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Opportunity to save $250m a year on petroleum missed

Columns 2022-08-03, 9:08pm


Jehangir Hussain

Jehangir Hussain

Bangladesh has missed the opportunity to save annually around $250 million by  importing less and export refined petroleum as setting up a refinery remains stalled.

If the refinery with the capacity to refine 3.0-million tonnes of crude was built t in time, the country’s expenditure on diesel and other petroleum products could be significantly cut down, Bangladesh Petroleum Corporation (BPC) officials said.

It would also have enabled Bangladesh in having stronger foreign-currency reserve during the current global volatile energy market.

Due to the stalled refinery, Bangladesh is passing through fuel and foreign-exchange crunch like many other countries in the wake of global supply-line disruptions caused by pandemic and Russia-Ukraine war.

If the refinery was built in time, Bangladesh could earn foreign currency by exporting  refined petroleum products to Sri Lanka, Myanmar, Nepal and Bhutan, said official.

Bangladesh could also import Russian crude on offer at less price they said.

Obviously, Bangladesh lost the opportunity of importing  Russian 'heavy crude' at discount.

The country’s age-old  Eastern Refinery Ltd (ERL) does not have the capacity to refine heavy crude, said the officials.

The ERL can refine only light crude.

State Minister for Power, Energy and Mineral Resources Nasrul Hamid  said earlier that in May, Russia had offered to sell to Bangladesh crude when the price of Brent crude was hovering high around $113 per barrel.

Now, Bangladesh has to make additional expenditure to pay Engineers India Limited (EIL) an Indian project-management consultant appointed for building the crude refinery, said officials.

in 2021, the government extended IEL’s contract tenure by four more years, totalling seven years, due to the delay in building the refinery, they said.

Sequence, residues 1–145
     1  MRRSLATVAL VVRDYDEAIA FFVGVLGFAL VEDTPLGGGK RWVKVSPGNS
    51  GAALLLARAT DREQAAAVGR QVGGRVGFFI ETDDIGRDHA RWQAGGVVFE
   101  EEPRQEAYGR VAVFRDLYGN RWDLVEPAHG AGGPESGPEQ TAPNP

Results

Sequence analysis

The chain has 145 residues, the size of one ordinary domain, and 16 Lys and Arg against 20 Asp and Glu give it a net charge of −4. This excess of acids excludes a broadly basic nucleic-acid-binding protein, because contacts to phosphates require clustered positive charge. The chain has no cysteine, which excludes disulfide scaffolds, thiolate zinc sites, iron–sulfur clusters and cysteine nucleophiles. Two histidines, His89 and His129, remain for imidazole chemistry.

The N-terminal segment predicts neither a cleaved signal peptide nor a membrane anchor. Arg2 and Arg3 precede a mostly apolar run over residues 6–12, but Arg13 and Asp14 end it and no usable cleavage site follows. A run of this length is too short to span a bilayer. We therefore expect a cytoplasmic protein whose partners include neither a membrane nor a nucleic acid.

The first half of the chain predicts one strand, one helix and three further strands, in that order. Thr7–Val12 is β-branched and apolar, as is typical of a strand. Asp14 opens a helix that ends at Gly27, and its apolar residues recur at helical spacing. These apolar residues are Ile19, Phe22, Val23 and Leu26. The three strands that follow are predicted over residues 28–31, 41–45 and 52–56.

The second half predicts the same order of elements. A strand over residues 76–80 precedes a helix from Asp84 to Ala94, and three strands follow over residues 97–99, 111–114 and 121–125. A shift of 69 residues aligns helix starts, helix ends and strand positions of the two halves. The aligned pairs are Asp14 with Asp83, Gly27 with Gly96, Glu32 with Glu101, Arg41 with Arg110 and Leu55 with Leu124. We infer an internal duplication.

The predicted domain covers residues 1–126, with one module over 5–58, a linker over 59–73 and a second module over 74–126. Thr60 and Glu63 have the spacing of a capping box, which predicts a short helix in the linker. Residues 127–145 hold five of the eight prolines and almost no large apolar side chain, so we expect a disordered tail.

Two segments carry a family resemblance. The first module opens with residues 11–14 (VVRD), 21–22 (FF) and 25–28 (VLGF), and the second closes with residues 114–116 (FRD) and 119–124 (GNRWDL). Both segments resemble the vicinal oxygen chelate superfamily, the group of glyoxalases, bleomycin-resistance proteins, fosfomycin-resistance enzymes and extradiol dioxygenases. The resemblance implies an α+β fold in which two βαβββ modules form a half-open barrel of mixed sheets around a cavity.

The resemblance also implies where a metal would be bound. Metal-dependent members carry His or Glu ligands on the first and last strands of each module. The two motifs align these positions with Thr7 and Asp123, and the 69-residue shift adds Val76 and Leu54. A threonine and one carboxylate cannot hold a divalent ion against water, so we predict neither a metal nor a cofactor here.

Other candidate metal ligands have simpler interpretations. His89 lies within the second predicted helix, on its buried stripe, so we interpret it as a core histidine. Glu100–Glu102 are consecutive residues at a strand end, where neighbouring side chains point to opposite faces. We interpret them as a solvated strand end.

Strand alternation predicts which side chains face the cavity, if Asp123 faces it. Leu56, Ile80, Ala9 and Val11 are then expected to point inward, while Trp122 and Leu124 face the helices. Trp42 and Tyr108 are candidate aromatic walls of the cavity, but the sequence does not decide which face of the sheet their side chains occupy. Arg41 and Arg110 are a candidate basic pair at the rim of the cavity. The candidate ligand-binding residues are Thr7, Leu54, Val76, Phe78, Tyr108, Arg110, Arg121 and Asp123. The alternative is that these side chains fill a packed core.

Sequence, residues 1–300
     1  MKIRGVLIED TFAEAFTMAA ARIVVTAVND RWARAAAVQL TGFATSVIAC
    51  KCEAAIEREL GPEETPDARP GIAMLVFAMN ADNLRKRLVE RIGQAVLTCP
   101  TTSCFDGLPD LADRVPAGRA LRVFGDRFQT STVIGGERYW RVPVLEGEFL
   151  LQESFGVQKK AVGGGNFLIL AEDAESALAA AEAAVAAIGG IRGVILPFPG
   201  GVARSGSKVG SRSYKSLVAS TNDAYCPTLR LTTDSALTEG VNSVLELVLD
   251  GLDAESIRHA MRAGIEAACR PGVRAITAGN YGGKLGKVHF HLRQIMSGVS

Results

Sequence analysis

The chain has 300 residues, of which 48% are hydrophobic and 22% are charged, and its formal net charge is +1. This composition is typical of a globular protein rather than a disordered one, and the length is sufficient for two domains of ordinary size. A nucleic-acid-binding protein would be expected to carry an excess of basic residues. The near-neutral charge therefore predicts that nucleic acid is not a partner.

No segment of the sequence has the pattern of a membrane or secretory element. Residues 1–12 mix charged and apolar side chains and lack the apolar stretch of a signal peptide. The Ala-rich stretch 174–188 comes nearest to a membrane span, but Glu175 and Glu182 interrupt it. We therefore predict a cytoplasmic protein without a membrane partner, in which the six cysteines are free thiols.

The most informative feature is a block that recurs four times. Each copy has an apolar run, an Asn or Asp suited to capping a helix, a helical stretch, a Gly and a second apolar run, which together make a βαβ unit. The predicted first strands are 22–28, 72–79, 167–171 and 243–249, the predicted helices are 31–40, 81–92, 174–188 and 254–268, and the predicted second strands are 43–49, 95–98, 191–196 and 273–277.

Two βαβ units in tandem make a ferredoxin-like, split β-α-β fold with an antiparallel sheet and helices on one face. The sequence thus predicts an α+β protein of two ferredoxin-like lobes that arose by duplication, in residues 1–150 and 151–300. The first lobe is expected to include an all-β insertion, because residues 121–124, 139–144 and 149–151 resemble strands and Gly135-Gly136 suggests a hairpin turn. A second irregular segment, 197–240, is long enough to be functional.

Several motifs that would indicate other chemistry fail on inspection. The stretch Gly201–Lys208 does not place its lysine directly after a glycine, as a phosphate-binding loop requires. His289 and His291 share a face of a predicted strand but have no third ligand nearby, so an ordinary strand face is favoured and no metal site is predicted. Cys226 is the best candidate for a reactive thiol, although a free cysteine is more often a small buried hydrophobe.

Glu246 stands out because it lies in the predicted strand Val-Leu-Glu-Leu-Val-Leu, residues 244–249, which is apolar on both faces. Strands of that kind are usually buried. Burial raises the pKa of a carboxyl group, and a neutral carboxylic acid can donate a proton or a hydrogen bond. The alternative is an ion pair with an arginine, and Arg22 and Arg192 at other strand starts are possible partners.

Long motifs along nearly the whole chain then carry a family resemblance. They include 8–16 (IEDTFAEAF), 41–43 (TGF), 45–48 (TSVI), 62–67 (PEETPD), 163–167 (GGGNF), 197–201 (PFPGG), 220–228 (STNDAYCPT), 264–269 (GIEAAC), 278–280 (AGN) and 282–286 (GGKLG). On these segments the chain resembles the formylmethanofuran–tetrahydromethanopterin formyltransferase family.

The cost of consultancy has also more than doubled to around Tk 2.56 billion as a result, they said.

Energy experts blamed  private sector importers furnace oil for the stalling of the refinery.

If the refinery was built in time, the country’s crude-refining capacity would have increased to around 4.50 million tonnes per annum from the ERL’s around 1.50 million tonnes.

Bangladesh's annual  demand of oil is around 9.5 million tonnes, including around 1.50 million tonnes of crude.

BPC imports around 6.5 million tonnes of refined and crude oil while the private sector imports around 3.0 million tonnes of furnace oil each year.

Since 2010, the government has been bearing nine per cent of furnace oil-import costs as 'incentives'.

In 2015, the move for building the new refinery was taken to increase the refining capacity by three times.

It was also in 2015, that a memorandum of understanding was signed between the BPC and French firm Technip, which carried out the front-end engineering and design (FEED) for the refinery at a cost of Tk 2.57 billion equal to $32.10 million.

in April 2016, BPC assigned the Indian consultancy to manage the project.

In January 2017, BPC  appointed Technip to carry out the FEED work of the  refinery.

But the government could not select the contractor to build the refinery.

The government is implementing load-shedding.

Commercial banks have been asked to ensure austerity by reducing consumption of diesel along with natural gas and lubricants by 20 per cent over the next one year.

Sources said a consortium of three French companies led by Technip had installed the first unit of the ERL, the country's lone refinery in Chattogram. In 1968, the ERL’s first unit began refining commercially.

It had 30 years’ life.

The first unit still refines at the reduced capacity of around 1.5 million tonnes.